Georgia Unemployment Eligibility
Georgia Unemployment Eligibility Calculator
Are you willing and able to work?
How did you lose your previous job?
Have you been affected by coronavirus?
Were you offered telework with pay by your employer?
Were you fired for no fault of your own?
Did you quit your last job due to unsafe working conditions, not being paid, discrimination and / or health and safety risks?
Do you have paid medical leave?
Do you have a family member you are caring for?
You May Be Eligible
You May Not Be Eligible
Do you have paid family leave?
You May Be Eligible
You May Not Be Eligible
Georgia unemployment benefits provide essential financial assistance for many unemployed workers. The program is available to eligible workers who have experienced job loss through no fault of their own.
To determine eligibility, factors such as wages, work search requirements, and suitable work are considered. Georgia unemployment insurance provides a weekly benefit amount to support unemployed workers as they navigate the job market. By understanding the eligibility requirements, unemployed Georgia workers can get support during times of financial hardship.
How to qualify for Georgia unemployment benefits
Under Georgia law, individuals must fulfill the following criteria to be eligible for unemployment benefits.
- You’ve earned sufficient insured wages
- You’re unemployed due to no fault of your own
- You are able to work
- You are available to work
- You are actively searching for suitable work
- You are a United States citizen or authorized to work in the state of Georgia
To qualify for benefits, you must have earned enough insured wages during the base period. The regular base period includes the first four of the last five completed calendar quarters when you file your claim.
If your claim can’t be established with the regular base period, the alternative base period will be used, which consists of the last four completed calendar quarters when you file your claim.
To meet the wage requirements, you must:
- Have insured wages in at least two quarters of the base period
- Earn at least $1,134 in the two highest quarters in the base period
- Have total insured wages during the base period equal to at least one and one-half times your highest quarter of earnings
If the only reason you don’t qualify for benefits is that your total wages aren’t equal to one and one-half times the highest quarter of wages, an Alternate Calculation will be used. With the Alternate Calculation, your weekly benefit amount is calculated by dividing the highest quarter of wages by 21. You must have wages earned in at least two quarters of the base period, and your total wages must be at least 40 times the weekly benefit amount.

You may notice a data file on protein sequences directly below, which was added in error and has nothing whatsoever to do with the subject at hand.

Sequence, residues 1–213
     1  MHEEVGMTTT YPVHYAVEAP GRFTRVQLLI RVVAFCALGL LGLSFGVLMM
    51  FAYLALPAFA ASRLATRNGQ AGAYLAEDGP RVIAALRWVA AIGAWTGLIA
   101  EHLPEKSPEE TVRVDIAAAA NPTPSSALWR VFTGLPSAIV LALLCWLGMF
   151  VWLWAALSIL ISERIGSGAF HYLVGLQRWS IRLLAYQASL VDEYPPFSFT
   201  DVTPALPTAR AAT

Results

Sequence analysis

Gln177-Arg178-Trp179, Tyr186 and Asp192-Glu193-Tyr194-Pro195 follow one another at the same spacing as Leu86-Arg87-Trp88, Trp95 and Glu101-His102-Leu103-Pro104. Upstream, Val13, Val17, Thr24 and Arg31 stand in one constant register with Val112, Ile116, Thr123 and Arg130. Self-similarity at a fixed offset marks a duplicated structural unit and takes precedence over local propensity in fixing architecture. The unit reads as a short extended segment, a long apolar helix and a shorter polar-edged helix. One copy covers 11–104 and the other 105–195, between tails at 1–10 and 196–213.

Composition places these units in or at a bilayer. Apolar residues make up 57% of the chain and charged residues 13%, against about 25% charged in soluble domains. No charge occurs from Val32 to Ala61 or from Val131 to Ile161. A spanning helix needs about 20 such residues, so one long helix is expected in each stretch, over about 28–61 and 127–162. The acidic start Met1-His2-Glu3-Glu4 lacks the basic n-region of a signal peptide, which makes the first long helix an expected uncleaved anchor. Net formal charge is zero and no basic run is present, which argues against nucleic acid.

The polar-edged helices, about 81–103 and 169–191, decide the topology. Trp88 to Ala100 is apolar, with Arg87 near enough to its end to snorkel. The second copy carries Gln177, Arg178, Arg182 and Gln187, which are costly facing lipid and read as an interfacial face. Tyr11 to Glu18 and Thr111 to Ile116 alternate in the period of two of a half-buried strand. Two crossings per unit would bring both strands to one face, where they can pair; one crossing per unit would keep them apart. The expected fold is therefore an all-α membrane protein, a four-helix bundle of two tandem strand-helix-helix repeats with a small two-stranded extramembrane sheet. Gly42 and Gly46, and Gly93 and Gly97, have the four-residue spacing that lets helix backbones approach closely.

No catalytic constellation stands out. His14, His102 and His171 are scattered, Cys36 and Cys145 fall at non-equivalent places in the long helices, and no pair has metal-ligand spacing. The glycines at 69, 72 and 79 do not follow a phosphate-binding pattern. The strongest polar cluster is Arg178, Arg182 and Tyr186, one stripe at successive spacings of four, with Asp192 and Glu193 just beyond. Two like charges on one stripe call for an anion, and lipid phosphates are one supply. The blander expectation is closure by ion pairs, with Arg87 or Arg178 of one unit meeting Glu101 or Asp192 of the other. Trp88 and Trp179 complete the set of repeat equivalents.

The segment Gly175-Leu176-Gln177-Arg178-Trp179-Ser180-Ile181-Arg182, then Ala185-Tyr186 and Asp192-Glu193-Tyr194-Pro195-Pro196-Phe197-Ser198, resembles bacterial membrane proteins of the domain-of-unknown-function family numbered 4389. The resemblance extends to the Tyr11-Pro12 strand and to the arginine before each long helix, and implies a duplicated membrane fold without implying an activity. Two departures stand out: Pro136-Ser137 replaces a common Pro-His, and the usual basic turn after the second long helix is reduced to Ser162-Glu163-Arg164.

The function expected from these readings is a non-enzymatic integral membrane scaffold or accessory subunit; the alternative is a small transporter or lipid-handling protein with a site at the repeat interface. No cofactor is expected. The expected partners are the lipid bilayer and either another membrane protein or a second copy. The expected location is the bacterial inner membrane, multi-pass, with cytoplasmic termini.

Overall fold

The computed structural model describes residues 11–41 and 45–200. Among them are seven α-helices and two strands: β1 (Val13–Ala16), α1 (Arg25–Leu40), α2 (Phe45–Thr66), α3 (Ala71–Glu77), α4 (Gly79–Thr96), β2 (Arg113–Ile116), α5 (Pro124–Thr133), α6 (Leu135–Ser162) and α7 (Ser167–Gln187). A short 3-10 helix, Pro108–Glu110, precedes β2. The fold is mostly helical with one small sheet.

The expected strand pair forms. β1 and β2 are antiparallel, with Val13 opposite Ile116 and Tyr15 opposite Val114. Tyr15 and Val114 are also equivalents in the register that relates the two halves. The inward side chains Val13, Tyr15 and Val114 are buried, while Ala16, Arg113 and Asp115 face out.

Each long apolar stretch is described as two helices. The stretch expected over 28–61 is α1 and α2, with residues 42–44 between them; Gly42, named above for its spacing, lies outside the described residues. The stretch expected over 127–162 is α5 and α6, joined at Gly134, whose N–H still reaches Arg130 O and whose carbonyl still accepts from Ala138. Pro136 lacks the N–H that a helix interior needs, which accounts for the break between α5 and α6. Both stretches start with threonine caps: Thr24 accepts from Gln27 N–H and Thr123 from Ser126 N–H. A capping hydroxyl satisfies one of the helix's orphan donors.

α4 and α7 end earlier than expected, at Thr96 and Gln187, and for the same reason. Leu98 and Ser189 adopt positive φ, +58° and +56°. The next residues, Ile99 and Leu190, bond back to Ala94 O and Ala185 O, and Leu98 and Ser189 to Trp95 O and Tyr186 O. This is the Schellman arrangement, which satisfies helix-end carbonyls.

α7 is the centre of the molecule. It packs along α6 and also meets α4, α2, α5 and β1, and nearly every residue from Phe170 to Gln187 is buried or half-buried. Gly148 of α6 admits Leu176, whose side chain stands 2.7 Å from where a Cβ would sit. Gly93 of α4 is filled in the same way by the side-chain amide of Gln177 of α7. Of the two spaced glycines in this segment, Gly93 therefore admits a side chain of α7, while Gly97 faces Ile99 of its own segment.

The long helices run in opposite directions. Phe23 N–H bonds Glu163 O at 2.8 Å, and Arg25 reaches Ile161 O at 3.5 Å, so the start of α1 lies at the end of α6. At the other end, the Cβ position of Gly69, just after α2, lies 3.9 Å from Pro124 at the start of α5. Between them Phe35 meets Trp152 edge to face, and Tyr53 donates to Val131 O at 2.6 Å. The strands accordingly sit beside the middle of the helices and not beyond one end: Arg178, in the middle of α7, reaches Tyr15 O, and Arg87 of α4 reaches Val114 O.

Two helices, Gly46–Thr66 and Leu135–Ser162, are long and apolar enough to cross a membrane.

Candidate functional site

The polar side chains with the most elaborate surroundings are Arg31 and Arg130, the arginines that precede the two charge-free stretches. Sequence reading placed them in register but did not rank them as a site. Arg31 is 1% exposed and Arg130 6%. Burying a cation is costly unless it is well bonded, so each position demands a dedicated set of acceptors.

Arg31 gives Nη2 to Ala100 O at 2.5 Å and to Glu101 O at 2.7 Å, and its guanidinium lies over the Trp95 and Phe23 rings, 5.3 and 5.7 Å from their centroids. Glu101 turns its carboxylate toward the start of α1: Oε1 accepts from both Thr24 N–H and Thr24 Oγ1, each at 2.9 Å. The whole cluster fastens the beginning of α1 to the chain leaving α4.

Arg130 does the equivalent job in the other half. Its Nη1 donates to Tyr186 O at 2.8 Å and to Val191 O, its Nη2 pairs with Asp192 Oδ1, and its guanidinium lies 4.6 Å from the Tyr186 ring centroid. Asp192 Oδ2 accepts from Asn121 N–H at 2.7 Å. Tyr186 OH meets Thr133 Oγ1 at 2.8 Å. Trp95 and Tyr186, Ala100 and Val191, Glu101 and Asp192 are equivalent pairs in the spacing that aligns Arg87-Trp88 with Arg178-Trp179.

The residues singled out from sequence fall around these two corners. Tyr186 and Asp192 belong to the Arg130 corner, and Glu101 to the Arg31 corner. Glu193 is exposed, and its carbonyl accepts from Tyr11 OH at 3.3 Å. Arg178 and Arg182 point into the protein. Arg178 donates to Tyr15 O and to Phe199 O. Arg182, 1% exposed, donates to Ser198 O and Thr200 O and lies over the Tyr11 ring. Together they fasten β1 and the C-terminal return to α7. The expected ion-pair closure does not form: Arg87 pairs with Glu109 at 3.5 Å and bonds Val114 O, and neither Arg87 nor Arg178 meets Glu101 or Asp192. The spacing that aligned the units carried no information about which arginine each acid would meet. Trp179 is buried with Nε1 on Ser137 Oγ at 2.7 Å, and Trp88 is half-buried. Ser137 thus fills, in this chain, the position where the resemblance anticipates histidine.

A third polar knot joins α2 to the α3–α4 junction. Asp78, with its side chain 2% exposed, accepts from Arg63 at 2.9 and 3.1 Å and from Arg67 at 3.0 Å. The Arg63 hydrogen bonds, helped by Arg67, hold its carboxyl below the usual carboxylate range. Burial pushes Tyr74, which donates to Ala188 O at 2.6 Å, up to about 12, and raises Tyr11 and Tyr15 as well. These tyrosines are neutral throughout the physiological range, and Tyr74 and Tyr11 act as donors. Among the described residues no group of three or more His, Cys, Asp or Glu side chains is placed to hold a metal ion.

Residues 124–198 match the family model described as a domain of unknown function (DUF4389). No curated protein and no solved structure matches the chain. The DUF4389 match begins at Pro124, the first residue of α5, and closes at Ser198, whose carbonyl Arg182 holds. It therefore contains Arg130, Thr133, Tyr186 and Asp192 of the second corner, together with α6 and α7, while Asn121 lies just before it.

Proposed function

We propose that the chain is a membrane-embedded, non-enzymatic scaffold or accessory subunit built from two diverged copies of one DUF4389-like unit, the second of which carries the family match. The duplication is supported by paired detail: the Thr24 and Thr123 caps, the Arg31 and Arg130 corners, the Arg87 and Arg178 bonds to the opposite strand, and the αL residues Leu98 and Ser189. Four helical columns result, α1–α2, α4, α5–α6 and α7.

At present, the minimum WBA is $55, and the maximum WBA is $365. You can estimate your weekly benefit amount using the Georgia unemployment calculator.
To receive benefits, you must be able, available, and actively looking for work. You’ll need to provide proof that you’re searching for work when you file your weekly claim. You are required to seek and accept all suitable work.
To meet work availability and work search requirements, you must:
- Register for Employment Services through Employ Georgia.
- Be physically able to perform work, even if it’s not in your regular field.
- Be available to work.
- Actively search for suitable work each week
- Complete verifiable job search activities on three or more days each week.
- Keep detailed records of your work search activities.
- Accept all referrals from the GDOL for suitable work.
- Accept all offers of suitable work from employers.
- When filing your weekly claim, report any job offer refusals – even if you believe the work was not suitable.
- Report to your local Career Center when instructed by the GDOL.
To receive benefits, you must meet all availability and work search requirements each week. Your work search record may be subject to random audits by the GDOL at any time.
You will be denied benefits for any week when you don’t meet these requirements. It’s important to be completely honest and provide full information. If you make false statements or misrepresent facts, that is considered Georgia unemployment fraud. You’ll be responsible for repaying benefits and may be subject to fines and criminal charges.
Registering with Employ Georgia is necessary for all individuals requesting unemployment benefits. The registration process includes setting up an account, which must include your Social Security number. You will be asked to upload a resume and make it searchable by employers.
Your Employ Georgia account will become inactive after 6 months. If your account becomes inactive, you can reactivate it and renew your employment services registration by simply logging in at employgeorgia.com.
Your eligibility to receive benefits is based on the reason you separated from your most recent employer. Your former employer will be contacted to verify the reason for your job separation.
You must be unemployed through no fault of your own. This means that you are disqualified if you were fired for misconduct or if you quit without good cause.
Can I quit my job and still qualify for UI benefits?